Young people dream of traveling far, but stay within Europe. This is the conclusion of a survey commissioned by SAS in cooperation with Gallup to chart young people’s travel habits and motives. The older they become, the higher priority they assign to travel in relation to other expenses. Most people believe that they will spend more money on travel during the next few years.
The five “hottest” travel destinations among young Swedes are 1) Thailand, 2) Greece, 3) Spain, 4) Australia, 5) Italy.
“Thailand and Australia are among the top five ‘most desirable’ travel destinations among young people. However, in practice, young people travel mainly in Europe. It is Greece, Spain and Denmark to which people mainly intend to travel during the summer. Young people also believe that the common currency, the euro, will encourage more people to travel abroad,” says Odd Guteland of Swedish Gallup.
Young Swedes travel extensively and spend large amounts of money on foreign travel. Nearly half of them have made at least two trips abroad during the past year. They spend an average of SEK 10,600 per year on travel. As many as one in four believe that their travel expenditure will increase in the next few years.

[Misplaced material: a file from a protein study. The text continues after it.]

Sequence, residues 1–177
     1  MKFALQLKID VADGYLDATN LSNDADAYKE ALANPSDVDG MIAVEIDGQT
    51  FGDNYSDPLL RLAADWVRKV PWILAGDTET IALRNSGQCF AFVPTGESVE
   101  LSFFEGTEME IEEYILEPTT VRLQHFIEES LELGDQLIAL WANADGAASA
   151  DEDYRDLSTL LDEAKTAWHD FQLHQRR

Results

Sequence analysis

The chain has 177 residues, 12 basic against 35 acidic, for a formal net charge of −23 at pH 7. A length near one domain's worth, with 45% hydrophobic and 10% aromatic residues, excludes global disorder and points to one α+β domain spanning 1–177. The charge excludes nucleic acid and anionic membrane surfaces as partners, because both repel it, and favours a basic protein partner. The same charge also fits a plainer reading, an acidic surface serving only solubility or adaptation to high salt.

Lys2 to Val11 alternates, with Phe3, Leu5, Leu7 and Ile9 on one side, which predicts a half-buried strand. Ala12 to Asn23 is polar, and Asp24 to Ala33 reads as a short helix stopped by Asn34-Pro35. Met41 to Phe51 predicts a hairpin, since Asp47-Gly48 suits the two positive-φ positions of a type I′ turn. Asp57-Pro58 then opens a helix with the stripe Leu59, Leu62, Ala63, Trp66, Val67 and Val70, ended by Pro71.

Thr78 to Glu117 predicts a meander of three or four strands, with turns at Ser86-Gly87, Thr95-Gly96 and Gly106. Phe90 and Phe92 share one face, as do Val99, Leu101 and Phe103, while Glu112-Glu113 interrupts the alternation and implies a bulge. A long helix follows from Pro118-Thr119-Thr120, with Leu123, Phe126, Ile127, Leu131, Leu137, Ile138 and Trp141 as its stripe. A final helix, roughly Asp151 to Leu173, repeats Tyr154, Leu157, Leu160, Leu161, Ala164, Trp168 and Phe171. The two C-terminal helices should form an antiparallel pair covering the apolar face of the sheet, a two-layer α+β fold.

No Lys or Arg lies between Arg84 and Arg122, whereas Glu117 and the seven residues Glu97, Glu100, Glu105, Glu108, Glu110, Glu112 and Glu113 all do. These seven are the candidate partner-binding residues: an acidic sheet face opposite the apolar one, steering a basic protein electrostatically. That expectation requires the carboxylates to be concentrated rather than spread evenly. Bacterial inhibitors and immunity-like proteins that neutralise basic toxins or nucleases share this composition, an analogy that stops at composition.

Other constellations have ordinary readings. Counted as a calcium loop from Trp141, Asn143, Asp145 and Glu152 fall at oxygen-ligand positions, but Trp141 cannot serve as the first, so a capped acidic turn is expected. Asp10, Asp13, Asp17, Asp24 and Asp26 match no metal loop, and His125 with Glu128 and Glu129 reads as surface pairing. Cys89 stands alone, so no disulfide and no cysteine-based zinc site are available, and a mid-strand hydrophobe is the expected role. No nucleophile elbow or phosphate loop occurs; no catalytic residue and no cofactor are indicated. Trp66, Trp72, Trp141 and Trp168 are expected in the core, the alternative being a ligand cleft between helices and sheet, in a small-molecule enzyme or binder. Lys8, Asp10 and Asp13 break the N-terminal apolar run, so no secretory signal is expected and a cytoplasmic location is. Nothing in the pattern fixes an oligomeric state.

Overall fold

Today’s young people are extrovert and travel to meet new friends and to feel good. Six out of ten young people say that they are more extrovert when they are abroad than when they are at home and a majority would prefer to socialize with the local population than with their fellow countrymen when abroad. Slightly less than half of them have many friends abroad that they have met when on foreign trips.
“It is important that we acquire more knowledge about the future generation and what encourages young people to travel. This survey has helped us to chart the reasons and driving forces behind young people’s travel,” says Jens Wittrup Willumsen, Marketing Director, SAS.
The survey was conducted among young people aged 15-26 years who have traveled abroad at least once during the past year. A corresponding survey was conducted in Denmark and Norway. A total of 3,000 young people were interviewed, 1,000 in each country. The complete report is available at: www.gallup.se